Two popular musicians in western Kenya were yesterday laid to rest in starkly contrasting styles.
In Kisumu County, the family of ohangla musician Abenny Jachiga were still reeling in shock after people not known to them but believed to be police officers buried his body at dawn.
Sources told Sunday Standard yesterday that a group of people, some armed with guns and accompanied by “bouncers”, stormed St Elizabeth Hospital mortuary in Kisumu and took away Jachiga’s body.
By 2.30am, as family members were asleep, they buried the body.
Soon after the burial, some of Jachiga’s relatives, including his widow Belinda Aluoch, lay prostrate on the grave to stop angry youth from exhuming the body and returning it to the mortuary.
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- 2 State now bans night burials for Covid-19 victims
- 3 Please don't exhume him, Ohangla star's mother begs angry mourners
- 4 Police bury Abenny Jachiga at dawn with only brother as witness
In Vihiga County, he of the popular “twist” genre of music John Nzenze was also accorded final rites, but devoid of the drama that accompanied Jachiga’s burial.
Nzenze died about two weeks ago at the Mukumu Mission Hospital where he had been hospitalised for a month, battling hypertension and stomach ulcers.
The 80-year-old was best known for his Angelike Twist hit song released in the early 1960s.
Nzenze, who is among the last surviving group of pioneer artistes who popularised the Kenyan twist genre, was laid to rest in Kaptech village in Muhudu Ward of Hamisi sub-County.
The burial programme started at about 7am and he was buried two hours later.
In Kisumu, Jachiga’s burial evoked memories of another night burial since measures on conducting burials came into force in the wake of Covid-19.
In early May, James Oyugi, a Kenya Ports Authority employee, was buried at midnight at his home in Siaya County, after health officials said he had died of Covid-19.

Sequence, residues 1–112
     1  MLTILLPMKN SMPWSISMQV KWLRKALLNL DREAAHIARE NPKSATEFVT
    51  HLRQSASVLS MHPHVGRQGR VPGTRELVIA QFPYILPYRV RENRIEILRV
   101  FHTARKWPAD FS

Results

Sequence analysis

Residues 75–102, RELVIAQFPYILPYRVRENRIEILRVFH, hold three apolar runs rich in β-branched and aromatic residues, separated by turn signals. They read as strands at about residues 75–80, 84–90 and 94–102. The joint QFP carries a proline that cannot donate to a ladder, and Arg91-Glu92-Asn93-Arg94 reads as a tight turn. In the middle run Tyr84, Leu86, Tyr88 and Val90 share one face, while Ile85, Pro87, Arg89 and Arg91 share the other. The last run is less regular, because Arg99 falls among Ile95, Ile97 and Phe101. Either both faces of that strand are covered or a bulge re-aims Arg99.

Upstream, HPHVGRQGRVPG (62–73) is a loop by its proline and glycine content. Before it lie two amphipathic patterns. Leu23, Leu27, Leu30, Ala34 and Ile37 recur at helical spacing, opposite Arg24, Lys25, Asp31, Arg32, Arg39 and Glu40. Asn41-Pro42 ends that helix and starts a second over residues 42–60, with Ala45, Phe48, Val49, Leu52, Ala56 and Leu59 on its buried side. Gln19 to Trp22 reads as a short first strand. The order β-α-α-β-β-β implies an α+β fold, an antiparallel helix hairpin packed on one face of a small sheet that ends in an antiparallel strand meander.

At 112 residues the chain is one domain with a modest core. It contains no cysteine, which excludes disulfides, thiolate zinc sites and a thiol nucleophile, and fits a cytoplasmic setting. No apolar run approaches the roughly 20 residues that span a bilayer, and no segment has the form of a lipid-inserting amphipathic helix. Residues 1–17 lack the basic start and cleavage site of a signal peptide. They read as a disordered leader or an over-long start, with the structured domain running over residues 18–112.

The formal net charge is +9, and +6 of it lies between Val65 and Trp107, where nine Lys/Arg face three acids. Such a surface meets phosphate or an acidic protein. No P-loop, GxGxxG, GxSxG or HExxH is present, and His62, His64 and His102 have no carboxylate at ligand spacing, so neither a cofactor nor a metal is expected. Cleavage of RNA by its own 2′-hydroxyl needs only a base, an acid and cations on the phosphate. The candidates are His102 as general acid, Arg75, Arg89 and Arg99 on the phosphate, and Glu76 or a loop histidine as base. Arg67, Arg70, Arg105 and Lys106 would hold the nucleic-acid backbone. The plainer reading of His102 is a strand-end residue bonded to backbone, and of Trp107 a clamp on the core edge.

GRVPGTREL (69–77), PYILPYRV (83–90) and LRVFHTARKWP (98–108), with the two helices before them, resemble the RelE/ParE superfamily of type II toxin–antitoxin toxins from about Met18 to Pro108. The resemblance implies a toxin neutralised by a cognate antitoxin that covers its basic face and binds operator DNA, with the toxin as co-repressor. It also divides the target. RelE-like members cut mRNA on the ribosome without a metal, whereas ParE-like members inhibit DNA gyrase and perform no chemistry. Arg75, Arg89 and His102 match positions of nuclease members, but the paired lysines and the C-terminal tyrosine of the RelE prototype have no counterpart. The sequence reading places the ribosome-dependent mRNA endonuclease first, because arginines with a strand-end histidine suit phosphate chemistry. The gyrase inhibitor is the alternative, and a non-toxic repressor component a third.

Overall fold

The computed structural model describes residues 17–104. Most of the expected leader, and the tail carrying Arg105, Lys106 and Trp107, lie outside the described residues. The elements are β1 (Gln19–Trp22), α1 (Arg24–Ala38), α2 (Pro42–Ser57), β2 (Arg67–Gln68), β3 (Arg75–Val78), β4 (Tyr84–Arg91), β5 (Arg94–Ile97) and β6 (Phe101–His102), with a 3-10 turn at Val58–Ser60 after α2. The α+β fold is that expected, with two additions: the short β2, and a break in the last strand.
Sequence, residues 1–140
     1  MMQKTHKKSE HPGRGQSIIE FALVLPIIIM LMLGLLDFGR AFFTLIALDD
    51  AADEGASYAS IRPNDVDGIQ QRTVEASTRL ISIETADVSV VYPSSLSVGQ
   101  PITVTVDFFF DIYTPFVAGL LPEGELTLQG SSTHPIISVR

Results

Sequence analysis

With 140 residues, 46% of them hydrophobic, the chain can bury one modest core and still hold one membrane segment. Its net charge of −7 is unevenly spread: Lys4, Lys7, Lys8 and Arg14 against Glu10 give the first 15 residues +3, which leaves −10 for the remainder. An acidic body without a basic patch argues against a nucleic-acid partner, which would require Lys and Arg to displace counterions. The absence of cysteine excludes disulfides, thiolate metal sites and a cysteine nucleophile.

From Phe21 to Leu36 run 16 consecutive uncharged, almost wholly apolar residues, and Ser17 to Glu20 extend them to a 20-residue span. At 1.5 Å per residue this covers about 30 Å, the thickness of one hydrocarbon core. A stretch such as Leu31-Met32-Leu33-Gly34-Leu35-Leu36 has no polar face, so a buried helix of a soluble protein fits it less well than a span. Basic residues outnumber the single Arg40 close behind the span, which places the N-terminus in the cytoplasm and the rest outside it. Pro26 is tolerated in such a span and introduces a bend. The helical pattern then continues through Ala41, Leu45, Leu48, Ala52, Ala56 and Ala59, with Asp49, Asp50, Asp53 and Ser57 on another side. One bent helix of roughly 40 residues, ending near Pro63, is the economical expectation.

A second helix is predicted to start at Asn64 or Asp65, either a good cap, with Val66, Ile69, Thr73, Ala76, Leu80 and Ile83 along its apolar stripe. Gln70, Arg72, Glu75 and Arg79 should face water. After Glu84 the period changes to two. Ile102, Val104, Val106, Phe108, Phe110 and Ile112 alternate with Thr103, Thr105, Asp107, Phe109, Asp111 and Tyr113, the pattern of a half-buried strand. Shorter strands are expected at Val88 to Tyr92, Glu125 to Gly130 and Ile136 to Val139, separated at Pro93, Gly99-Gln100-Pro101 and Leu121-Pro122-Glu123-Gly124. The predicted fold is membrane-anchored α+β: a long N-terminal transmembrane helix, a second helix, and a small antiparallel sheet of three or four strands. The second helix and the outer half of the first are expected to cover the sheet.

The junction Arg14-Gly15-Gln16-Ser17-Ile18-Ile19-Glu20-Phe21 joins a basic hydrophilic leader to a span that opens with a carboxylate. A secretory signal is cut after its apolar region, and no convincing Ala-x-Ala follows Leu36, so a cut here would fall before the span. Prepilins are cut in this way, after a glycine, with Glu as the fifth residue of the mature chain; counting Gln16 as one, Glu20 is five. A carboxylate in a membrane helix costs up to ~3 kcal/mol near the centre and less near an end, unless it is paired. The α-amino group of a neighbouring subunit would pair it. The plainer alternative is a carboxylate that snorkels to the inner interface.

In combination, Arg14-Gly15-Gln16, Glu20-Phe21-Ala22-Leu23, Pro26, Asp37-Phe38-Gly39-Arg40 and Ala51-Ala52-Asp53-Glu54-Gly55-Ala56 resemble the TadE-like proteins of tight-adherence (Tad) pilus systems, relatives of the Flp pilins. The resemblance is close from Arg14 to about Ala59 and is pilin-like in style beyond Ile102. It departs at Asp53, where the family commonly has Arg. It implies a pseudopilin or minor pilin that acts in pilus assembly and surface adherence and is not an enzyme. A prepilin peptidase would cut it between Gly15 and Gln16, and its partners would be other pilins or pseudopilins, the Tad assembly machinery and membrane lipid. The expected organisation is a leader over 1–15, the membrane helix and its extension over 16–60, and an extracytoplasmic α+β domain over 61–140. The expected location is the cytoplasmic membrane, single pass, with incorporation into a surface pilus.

A case filed by his family demanding his exhumation is pending before a Siaya court.
In keeping with ban on public gatherings, not more than 15 people should attend a burial, a requirement that is barely being adhered to in other places.
On Friday, rowdy mourners had stopped Jachiga’s burial, overpowered police officers in riot gear and refilled the grave with boulders.
They were protesting the hurried manner in which the musician was being buried.
The mourners, who engaged the police in day-long running battles on Friday, damaged Jachiga’s coffin and stoned a pastor who had come with security officials to conduct the burial.
The musician died on Wednesday at St Jairus Hospital and his body was released on Friday for burial the same day as per the public health guidelines instituted to help combat the spread of Covid-19.
Although it has not been said if Jachiga was a victim of Covid-19, the police and public health officials insisted he had to be buried the same day.
On Friday evening, his fans who had thwarted his burial, returned to their homes, not knowing that security personnel were lying in wait to bury him.
Working under the cover of darkness, they removed the body, took it home and buried it without any ceremony or ritual, including prayers.
Relatives and residents claimed the police were involved in the burial ceremony but senior police officers in the region denied the claims.
Kisumu East OCPD Ezekiel Sing’oi denied claims his officers took part in the burial.
“I do not know the people who paraded as officers who went to collect the body from the morgue,” Mr Sing’oi said.
Jachiga’s younger brother, Austin Omondi said that as a family, they had to comply with government's rules on burial ceremonies.
Omondi said he received a phone call from the area chief in the evening after mourners had carried his brother’s body back to St Elizabeth Hospital’s morgue.
He said the chief told him that the police would come and ensure that the burial was conducted within curfew hours.